Twitter-Induced Introspection

UPDATE:   Since writing this blog post many months ago, I have come to be an avid user of Twitter and can’t imagine my online life without its offerings.  Tweetdeck is my client of choice for the iPhone and I used Chromed-bird in Google Chrome at my desktop (since I always have a browser window open anyway).  My @libdsoftware account never really took off but my personal one, @jeffcox111, is thriving.  Feel free to follow and say hello.  And now, my original article, which I largely disagree with after further inspection…

Twitter sure is a cool service, but I’m just not quite sure how to use it for myself. I have had an account for over a year and have only updated my status five times. I’m neither proud of this nor ashamed.

There are two primary reasons for my lack of tweeting thus far. One is that a good deal of my tweets would be work related and a good deal of them would very much not be work related. Some of my coworkers follow me and could see my non-work-related tweets and think to themselves, “why’d we hire this clown?” And honestly, I would do most of my tweeting while at work simply because I’m on my computer more while at work. Sure I can tweet from my phone, but would I? I don’t know.

The other reason is that I’m not sure that I have anything of very much interest to say. Therefore, anyone who would follow me avidly has got to be a weirdo and I don’t necessarily want them following me. I mean sure my blog posts rock but there’s no way I can maintain this level of awesomeness in a constant stream of 140 character snippets.

What interests me though in the Twitter system is the idea of a corporate presence. Maybe corporate isn’t the best word for it, but what what I basically mean is when a Twitter user doesn’t represent a single human person, but a group of people or an idea. This could manifest as a corporate entity, or a club, or a newsletter, etc. I guess this notion is what has led to much of the field known as Social Media.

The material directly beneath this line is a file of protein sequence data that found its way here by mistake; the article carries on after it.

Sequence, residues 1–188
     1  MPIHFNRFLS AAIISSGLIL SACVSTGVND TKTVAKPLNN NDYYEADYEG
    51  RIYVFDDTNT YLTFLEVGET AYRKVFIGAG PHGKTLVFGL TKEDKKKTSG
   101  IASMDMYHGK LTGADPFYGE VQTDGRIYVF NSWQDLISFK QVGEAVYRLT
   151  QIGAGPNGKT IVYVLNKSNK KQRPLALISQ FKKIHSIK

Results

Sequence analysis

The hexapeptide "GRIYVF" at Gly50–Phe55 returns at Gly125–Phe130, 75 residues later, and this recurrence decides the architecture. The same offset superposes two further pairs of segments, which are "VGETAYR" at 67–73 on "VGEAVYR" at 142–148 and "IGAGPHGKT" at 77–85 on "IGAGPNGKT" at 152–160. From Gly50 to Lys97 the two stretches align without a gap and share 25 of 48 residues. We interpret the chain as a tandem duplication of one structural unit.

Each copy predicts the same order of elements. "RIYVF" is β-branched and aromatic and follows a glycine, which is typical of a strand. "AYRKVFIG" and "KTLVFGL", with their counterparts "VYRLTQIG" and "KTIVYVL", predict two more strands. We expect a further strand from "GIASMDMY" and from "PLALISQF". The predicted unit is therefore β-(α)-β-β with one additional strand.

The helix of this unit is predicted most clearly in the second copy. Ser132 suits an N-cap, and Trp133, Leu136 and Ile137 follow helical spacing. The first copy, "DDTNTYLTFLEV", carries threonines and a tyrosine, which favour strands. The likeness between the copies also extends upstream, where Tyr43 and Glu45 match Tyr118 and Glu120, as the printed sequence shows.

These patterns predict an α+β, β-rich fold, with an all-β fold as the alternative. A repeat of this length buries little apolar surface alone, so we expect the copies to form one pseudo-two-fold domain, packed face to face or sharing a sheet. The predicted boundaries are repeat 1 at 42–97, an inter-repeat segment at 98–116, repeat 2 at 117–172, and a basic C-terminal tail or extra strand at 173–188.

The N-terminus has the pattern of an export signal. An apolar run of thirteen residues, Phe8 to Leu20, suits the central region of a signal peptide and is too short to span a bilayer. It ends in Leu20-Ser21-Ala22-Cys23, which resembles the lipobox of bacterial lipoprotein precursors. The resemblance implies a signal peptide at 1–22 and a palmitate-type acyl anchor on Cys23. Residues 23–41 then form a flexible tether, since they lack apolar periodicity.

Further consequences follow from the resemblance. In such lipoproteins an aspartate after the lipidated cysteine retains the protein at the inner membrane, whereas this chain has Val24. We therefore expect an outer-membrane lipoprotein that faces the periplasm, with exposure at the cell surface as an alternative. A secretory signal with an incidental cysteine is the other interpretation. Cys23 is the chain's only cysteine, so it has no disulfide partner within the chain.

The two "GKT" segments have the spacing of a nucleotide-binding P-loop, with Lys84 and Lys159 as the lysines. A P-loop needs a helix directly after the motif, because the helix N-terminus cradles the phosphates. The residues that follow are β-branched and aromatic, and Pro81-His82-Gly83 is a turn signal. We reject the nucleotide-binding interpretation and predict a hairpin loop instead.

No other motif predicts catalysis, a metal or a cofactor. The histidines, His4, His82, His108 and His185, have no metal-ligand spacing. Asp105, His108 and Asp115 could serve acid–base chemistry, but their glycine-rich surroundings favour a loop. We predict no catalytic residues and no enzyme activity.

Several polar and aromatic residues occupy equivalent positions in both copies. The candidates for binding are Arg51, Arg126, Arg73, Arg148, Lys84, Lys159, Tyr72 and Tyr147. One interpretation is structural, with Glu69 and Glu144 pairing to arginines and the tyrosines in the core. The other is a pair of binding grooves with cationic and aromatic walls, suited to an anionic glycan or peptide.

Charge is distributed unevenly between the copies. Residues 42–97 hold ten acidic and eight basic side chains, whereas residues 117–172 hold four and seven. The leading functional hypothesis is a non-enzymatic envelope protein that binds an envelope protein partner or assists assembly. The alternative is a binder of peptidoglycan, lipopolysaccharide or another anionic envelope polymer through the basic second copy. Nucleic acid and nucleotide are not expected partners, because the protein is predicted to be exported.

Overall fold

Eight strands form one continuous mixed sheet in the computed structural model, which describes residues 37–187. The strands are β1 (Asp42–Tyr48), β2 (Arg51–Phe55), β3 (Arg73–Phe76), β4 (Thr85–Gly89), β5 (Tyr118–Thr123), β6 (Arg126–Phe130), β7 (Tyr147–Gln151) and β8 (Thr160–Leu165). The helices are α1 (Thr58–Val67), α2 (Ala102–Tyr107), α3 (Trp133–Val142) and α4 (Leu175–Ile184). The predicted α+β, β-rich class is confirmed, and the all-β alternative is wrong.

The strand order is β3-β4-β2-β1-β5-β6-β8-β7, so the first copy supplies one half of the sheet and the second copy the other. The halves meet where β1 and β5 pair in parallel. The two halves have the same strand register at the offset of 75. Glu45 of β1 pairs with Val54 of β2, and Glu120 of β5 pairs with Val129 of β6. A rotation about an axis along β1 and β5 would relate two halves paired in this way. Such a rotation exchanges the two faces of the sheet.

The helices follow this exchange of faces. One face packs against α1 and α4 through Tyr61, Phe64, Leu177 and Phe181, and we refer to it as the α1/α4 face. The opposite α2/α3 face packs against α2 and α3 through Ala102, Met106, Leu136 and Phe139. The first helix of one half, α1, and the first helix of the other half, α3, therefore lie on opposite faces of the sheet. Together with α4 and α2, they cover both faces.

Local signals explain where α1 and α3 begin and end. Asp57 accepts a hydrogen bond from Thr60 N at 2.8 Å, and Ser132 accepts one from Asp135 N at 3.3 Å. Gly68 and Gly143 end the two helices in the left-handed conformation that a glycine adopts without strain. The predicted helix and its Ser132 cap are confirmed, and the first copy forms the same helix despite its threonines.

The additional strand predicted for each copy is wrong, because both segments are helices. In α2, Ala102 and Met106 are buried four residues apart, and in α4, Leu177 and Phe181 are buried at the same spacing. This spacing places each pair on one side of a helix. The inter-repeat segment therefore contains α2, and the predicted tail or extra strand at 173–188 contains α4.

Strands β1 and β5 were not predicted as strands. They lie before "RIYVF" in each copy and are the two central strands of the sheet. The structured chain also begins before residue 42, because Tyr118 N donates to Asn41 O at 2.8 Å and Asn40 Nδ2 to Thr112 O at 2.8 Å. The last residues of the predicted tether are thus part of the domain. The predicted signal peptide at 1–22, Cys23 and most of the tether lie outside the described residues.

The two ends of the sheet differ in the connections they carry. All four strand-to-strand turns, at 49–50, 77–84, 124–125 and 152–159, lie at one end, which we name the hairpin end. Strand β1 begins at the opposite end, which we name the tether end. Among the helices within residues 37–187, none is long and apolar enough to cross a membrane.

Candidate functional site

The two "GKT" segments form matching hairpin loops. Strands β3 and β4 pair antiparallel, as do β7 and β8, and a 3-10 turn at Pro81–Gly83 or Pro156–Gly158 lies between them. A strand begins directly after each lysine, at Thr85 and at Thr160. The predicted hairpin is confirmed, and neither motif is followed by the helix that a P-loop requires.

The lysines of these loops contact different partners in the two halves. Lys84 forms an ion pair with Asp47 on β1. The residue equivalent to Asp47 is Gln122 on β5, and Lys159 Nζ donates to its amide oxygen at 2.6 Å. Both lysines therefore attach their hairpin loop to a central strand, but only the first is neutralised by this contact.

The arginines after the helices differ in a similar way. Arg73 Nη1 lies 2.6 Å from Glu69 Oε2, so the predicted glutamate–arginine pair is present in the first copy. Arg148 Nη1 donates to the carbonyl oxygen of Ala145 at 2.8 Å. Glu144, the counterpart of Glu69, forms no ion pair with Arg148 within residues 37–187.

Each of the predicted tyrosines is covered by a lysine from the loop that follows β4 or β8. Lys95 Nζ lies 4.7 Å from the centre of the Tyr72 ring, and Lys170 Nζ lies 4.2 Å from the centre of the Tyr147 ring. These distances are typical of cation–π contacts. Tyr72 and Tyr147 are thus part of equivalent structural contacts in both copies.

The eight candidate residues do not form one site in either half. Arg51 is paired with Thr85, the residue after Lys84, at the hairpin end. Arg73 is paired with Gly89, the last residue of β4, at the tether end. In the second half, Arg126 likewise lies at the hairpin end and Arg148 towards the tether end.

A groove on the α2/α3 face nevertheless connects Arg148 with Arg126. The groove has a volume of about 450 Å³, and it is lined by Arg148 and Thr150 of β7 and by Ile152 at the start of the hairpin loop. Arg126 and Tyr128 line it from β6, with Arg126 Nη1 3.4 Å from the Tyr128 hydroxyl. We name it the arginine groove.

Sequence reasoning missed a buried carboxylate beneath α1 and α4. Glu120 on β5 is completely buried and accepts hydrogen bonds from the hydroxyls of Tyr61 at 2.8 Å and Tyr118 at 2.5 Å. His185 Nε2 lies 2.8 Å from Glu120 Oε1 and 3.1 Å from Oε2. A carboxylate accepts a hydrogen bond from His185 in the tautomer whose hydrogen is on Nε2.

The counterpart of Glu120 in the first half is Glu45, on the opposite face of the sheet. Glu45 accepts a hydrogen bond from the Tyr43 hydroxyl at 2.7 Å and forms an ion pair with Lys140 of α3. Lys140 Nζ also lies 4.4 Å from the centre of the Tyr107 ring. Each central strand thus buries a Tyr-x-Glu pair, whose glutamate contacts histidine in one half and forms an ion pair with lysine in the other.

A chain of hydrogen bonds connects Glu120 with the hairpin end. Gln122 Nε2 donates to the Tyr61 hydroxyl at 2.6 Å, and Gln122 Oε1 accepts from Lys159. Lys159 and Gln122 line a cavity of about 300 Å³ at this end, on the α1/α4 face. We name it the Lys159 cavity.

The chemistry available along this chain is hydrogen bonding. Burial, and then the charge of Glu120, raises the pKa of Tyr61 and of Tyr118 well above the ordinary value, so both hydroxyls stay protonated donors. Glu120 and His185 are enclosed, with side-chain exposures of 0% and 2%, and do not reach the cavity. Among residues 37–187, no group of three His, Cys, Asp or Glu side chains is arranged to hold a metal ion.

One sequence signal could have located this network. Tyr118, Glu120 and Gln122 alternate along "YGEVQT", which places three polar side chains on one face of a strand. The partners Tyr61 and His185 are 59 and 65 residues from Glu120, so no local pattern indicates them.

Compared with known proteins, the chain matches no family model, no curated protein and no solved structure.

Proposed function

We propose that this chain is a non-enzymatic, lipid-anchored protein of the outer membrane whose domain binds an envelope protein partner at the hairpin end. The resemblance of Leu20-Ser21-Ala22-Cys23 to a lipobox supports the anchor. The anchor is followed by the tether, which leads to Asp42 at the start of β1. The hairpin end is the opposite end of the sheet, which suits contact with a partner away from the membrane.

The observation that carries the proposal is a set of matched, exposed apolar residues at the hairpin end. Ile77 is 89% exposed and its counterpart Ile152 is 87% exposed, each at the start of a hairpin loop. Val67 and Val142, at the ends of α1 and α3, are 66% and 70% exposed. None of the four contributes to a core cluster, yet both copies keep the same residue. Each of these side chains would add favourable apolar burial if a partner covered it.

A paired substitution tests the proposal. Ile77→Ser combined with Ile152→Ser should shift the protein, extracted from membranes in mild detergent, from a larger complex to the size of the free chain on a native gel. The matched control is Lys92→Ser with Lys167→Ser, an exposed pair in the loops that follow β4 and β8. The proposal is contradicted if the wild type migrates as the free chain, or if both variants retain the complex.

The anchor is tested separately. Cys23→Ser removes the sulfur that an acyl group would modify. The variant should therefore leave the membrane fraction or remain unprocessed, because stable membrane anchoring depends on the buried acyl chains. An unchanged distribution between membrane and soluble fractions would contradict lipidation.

The easy-to-use and freely available Twitter API is, in my opinion, the true reason Twitter has gained so much momentum. It’s not only easy to tweet, it’s easy to write new software that let’s you tweet. Most of the apps out there right now that let you interface with the Twitter system are the same- a fancy cool UI front end that lets you tweet and organize your friends’ timelines. What I haven’t seen (much of anyway) is an app that let’s you work with Twitter from the standpoint of a corporation, or any entity that is larger than just yourself.

So now I’m putting together plans for a Social Media Dashboard application. Initially it will be aimed square at Twitter and its uses, but I wanted it named Social Media Dashboard and not Twitter Dashboard because I want it to be extended to Facebook and other API’s as well. It will act as a single client that lets you manage your company or group’s social media profile.

I’ve been gaining some added insight recently through the book Twitter Power, by Joel Comm (@joelcomm). Despite some wordy and repetitive moments and ideas in his writing, I’ve enjoyed the read and its given me some great ideas for key features in my app.

If anyone has plans for something similar, would like to colaborate, or would just like to pitch ideas for functionality, please comment on this post! Alternatively, you can DM or reply to me on Twitter at @libdsoftware.

Hope to hear from you!

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